As the coronavirus pandemic roils markets and upends business, The Wall Street Journal is gathering in one place all the latest news and insights on the impact on investors, companies and economies.

As the coronavirus pandemic roils markets and upends business, The Wall Street Journal is gathering in one place all the latest news and insights on the impact on investors, companies and economies.

Companies that supply meat, vegetables and other staples are struggling to redirect the nations sprawling food supply chain to meet a surge in demand caused by the coronavirus pandemic.
Restaurant closures and shoppers rush to stock their pantries are forcing the agriculture industry to boost production, hire new employees and set up war rooms to keep grocery stores stocked.
It is in fact unprecedented, the type of growth weve seen, said Noel White, chief executive of Tyson Foods Inc., describing the demand from supermarkets needing to refill shelves.
Still, he said, the food supply is sufficient.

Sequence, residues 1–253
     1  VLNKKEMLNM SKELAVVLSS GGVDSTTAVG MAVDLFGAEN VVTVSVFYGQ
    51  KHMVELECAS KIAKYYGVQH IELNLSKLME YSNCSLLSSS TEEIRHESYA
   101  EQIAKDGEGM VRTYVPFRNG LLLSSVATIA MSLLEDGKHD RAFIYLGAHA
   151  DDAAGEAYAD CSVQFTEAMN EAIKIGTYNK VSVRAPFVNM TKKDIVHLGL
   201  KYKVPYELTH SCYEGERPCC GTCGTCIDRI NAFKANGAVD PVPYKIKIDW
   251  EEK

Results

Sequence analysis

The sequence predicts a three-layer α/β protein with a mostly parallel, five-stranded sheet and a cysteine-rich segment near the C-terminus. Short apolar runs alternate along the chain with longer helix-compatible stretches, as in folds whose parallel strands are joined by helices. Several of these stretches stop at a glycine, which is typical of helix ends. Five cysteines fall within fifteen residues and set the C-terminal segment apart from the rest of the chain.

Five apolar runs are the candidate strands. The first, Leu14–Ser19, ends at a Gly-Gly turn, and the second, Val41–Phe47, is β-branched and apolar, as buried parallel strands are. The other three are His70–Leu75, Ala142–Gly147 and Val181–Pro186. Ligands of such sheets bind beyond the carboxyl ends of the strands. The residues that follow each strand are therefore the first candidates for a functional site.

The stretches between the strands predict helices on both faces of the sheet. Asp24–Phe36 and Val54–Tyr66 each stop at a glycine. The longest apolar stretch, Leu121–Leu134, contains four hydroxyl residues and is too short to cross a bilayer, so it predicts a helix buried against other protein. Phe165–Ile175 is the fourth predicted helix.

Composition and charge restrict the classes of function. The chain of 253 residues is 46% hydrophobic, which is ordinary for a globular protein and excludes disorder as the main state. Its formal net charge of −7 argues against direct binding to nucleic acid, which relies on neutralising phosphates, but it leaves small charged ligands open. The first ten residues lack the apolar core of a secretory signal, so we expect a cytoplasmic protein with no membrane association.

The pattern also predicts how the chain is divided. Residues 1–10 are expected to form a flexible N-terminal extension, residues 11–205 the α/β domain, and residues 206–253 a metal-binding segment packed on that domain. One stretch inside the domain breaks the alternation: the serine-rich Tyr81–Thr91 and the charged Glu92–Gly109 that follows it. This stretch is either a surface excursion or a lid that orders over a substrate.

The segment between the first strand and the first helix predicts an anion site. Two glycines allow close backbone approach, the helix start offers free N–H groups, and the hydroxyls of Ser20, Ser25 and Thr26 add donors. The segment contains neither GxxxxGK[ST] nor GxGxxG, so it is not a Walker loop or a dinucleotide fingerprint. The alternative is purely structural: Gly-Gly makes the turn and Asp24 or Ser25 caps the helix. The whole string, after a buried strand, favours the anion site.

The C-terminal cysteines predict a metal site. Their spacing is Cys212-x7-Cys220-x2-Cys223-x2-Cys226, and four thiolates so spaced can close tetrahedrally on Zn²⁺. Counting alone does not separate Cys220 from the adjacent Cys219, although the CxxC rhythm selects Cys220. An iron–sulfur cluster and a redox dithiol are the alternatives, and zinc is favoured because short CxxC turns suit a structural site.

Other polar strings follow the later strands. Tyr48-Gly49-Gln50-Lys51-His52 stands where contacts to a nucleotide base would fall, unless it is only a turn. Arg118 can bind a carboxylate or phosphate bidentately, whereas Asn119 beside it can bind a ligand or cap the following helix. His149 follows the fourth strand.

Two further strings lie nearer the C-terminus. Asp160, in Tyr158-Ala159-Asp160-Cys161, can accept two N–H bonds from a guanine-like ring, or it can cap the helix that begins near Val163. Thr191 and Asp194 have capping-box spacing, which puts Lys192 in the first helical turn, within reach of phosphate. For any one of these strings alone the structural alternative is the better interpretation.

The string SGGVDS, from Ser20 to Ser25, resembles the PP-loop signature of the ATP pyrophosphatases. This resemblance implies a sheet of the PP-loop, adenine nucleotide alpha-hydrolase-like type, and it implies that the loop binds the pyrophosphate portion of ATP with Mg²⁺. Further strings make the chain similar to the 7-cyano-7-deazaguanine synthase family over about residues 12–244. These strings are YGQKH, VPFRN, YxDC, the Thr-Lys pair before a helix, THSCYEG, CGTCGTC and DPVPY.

Consumers clamor to stock up is boosting poultry prices. Per-pound prices for boneless chicken breasts are up 30% since the start of March, according to commodity market-research firm Urner Barry.
The Agriculture Department on Monday pledged to make sure federal food inspectors would continue to supervise meat processing and other functions.
Just weeks ago, the U.S. meat industry was contending with oversupply concerns. Chinas reopening to U.S. chicken shipments encouraged companies to raise more and fatter birds, but the coronaviruss spread in China earlier this year bogged down some exports, swelling levels of poultry and pork in U.S. cold-storage facilities.
The viruss spread, and responses of government and businesses, have changed the picture in a matter of days, said Russell Whitman, senior vice president at Urner Barry.

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